College leaders may be feeling some relief as the spring semester draws to a close. The arrival of May means that many of them officially survived the first wave of important decisions required to respond to COVID-19. As I wrote a few weeks ago, those leaders who put people first as they made these decisions and communicated with vulnerability, kindness and empathy were most likely to get the best results.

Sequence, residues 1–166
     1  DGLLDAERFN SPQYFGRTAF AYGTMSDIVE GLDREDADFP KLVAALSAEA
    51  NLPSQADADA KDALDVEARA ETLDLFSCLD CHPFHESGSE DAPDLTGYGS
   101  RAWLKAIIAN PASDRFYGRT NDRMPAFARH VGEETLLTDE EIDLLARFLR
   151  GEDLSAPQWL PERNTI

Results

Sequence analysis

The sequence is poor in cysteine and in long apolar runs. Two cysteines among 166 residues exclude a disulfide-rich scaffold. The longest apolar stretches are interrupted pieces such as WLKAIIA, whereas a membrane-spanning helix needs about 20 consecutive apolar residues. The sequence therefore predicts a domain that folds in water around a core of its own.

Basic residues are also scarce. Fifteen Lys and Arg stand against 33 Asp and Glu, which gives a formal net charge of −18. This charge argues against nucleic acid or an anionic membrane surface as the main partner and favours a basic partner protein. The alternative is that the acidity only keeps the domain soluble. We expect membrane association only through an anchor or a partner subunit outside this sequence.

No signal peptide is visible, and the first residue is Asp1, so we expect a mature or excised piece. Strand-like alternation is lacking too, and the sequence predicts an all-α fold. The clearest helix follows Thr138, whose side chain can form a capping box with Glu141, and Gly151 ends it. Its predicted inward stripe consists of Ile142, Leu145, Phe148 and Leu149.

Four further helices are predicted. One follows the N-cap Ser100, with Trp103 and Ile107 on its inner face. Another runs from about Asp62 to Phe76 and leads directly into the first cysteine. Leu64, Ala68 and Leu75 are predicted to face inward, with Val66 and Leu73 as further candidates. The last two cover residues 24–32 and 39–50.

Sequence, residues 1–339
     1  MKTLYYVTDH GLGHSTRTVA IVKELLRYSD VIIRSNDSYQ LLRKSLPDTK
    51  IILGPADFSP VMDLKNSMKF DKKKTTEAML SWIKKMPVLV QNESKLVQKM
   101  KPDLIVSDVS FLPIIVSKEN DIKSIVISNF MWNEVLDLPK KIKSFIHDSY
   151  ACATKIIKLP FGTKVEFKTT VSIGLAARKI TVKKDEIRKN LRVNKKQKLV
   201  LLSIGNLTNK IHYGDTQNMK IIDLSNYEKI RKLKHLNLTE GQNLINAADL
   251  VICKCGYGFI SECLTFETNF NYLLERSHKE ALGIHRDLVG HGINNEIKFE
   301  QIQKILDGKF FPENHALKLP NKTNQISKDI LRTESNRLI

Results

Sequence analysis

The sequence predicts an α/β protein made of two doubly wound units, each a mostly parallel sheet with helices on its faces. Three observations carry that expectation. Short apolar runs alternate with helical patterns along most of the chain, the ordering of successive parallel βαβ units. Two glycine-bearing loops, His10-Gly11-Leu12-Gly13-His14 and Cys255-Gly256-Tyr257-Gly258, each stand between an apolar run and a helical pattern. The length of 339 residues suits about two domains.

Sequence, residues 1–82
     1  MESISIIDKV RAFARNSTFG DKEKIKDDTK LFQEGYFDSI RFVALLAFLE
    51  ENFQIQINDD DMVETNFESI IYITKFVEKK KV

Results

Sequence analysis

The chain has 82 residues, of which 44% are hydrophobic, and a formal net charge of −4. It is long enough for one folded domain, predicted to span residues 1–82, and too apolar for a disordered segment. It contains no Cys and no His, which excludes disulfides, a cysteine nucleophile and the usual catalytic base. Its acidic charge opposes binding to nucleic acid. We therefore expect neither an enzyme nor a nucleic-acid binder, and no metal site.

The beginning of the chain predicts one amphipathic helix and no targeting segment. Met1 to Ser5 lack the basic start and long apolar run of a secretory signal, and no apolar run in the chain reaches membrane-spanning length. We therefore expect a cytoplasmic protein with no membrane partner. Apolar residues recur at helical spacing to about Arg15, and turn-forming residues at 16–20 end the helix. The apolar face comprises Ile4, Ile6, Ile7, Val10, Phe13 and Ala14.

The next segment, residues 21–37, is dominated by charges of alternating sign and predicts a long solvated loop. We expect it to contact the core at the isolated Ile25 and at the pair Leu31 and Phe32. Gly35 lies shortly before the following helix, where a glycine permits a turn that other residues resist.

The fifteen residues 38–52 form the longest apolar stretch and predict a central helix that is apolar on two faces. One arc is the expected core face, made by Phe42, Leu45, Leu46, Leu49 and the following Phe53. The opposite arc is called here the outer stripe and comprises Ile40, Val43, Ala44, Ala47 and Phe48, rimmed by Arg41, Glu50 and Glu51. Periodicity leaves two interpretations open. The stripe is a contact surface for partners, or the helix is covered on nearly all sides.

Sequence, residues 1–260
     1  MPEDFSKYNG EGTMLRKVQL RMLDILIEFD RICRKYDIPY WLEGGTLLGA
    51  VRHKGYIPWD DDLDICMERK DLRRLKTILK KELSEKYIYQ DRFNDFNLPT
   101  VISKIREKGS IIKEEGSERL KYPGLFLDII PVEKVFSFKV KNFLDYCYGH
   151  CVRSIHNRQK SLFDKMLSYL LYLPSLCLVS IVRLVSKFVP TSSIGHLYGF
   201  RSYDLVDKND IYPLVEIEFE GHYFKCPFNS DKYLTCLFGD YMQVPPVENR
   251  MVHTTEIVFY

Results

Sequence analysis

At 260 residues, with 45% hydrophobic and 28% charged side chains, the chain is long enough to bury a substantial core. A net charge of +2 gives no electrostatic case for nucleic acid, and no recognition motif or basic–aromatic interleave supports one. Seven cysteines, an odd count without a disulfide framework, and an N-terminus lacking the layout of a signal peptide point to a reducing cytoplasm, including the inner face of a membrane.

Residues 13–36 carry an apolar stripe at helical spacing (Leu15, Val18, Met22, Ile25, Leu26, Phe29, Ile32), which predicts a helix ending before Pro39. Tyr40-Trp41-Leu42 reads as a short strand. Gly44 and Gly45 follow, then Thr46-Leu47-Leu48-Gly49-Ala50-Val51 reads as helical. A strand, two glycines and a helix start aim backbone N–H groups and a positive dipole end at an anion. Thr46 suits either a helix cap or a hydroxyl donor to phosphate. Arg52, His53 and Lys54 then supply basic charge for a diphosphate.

As we enter summer, though, college presidents, provosts and deans are facing the next wave of decisions, which looks even more menacing than the first. A striking number of institutions have announced plans to resume in-person instruction in the fall, requiring an unfathomable level of logistical coordination. Nearly a dozen states have announced or started preparing for budget cuts, forcing some public college leaders to consider phasing out academic programs and laying off faculty and staff. For some small private colleges, the loss of tuition or housing revenue in the fall could be financially catastrophic.